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Netflix Might Land the First Two Seasons Of African “Sex and the City” Series “An African City”

Even those it’s been off the air for the past several years, the HBO series, “Sex and the City,” continues to have a cult following. The show inspired many young women to move to New York City in hopes they would be living the city lifestyle similar to what was shown by their favorite characters.

One of the show’s biggest fans is Nicole Amarteifio, who moved from Ghana to New York then returned back to Ghana. Amarteifio attended graduate school at Georgetown University and went back to Ghana after getting a job with the government. While finding out the job wasn’t for her, she fell in love and when the relationship ended, she mended her broken heart by binge watching the DVD box set of “Sex and the City.”

This is when she got the idea to create her own series, called, “An African City.” She told the New York Times, while watching “Sex and the City,” she was thinking, “These women are actually very familiar. Women I know in Accra, women I know in Kigali or Nairobi or Lagos or Monrovia.”

READ: This African Web Series is the ‘Sex and the City’ of Ghana

“An African City” is a web series which centers around five friends in Accra, Ghana who are looking for love while wearing to-die-for fashion from Ghanaian designers.

Each character shares a resemblance to its HBO predecessor. The main character is Nana Yaa, who is a radio journalist and narrates the show, basically the Carrie Bradshaw. Miranda-types can find themselves in Zainab and Makena who are independent and focused on their business. Ngozi can be considered the Charlotte of the show due to her church girl background and doesn’t like to talk too much about sex. Sade is the Samantha of the friend circle who proudly carries designer handbags given to her by her rich married boyfriend.

“An African City” showcases the lives of well-off African women who are the one percent in Ghana. The young women have become westernized due to attending the top schools in the United States and having to come back home and readjust to the cultures of their continent.

They are described as “returnees,” meaning the children of families who left Ghana for the West and came home with “returnee saviour syndrome.”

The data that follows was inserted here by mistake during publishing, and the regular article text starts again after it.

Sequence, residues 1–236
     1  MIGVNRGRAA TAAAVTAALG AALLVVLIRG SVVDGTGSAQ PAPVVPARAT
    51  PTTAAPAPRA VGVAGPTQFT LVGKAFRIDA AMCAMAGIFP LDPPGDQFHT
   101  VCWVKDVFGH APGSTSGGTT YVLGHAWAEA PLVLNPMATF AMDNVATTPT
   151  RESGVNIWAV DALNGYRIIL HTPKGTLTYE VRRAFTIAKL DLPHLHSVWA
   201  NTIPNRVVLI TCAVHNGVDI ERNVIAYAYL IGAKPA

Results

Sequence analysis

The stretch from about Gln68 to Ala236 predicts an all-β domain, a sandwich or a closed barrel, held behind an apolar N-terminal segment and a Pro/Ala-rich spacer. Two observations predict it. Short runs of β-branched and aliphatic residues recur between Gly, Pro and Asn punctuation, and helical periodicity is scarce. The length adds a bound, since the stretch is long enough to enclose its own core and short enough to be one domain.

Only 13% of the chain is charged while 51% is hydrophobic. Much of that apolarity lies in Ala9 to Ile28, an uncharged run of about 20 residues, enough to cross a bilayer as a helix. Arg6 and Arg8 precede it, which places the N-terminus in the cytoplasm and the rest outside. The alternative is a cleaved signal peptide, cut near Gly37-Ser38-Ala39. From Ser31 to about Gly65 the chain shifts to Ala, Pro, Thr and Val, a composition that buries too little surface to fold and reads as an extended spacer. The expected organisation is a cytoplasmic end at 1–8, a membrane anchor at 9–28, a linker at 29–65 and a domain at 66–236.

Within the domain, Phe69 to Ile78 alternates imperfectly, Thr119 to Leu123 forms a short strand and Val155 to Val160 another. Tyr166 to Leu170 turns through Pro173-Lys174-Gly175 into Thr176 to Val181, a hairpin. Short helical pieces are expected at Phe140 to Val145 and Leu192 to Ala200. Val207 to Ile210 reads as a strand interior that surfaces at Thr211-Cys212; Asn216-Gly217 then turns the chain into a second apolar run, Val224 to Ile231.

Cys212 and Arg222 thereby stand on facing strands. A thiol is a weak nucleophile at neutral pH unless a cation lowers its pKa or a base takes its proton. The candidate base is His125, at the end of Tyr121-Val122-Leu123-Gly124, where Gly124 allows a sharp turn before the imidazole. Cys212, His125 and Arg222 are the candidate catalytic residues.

Once again, the series depicts the lives of women living the one percent lifestyle. Their problems consist of maids stealing their bras and a neighbor’s power generator being too loud.

Amarteifio says of the feedback she’s gotten from the show, “It’s definitely my mother’s generation who come up to me and say, ‘Good job, good job, keep it going!’ And I’m assuming it’s because they like the fact that these are five young women talking so freely about sex, and there’s something so liberating about these five women. Maybe they didn’t feel in their day that they were that free.”

A season 1 episode finds Sade without her vibrator for three months due to it being in her luggage which is being held at customs. Traditional marriage is also a topic when a date of Zainab’s tries to assure her he is not married, but when he friends her on Facebook, he’s not hiding his actual marital status.

Sade tells her friend, “When a man in Ghana says that he’s single, it means that his wife is just in another country or in another city or the other room.”

Amarteifio has been in talks with networks such as BET and the Africa Channel to take “An African City” further. Included in those talks have been Netflix which could be the likely home of the show’s first and second seasons. Amarteifio is currently discussing with the streaming service her new show, “The Republic,” which is an African version of “Scandal” and she’s working on season 3 of “An African City.”

Watch the first episode of “An African City” below.

Photo Credit: NYTimes.com

Brittney Fennell

Brittney Fennell

Brittney is the Associate Editor of Jawbreaker and a writer who has goals to disrupt culture in ways unseen.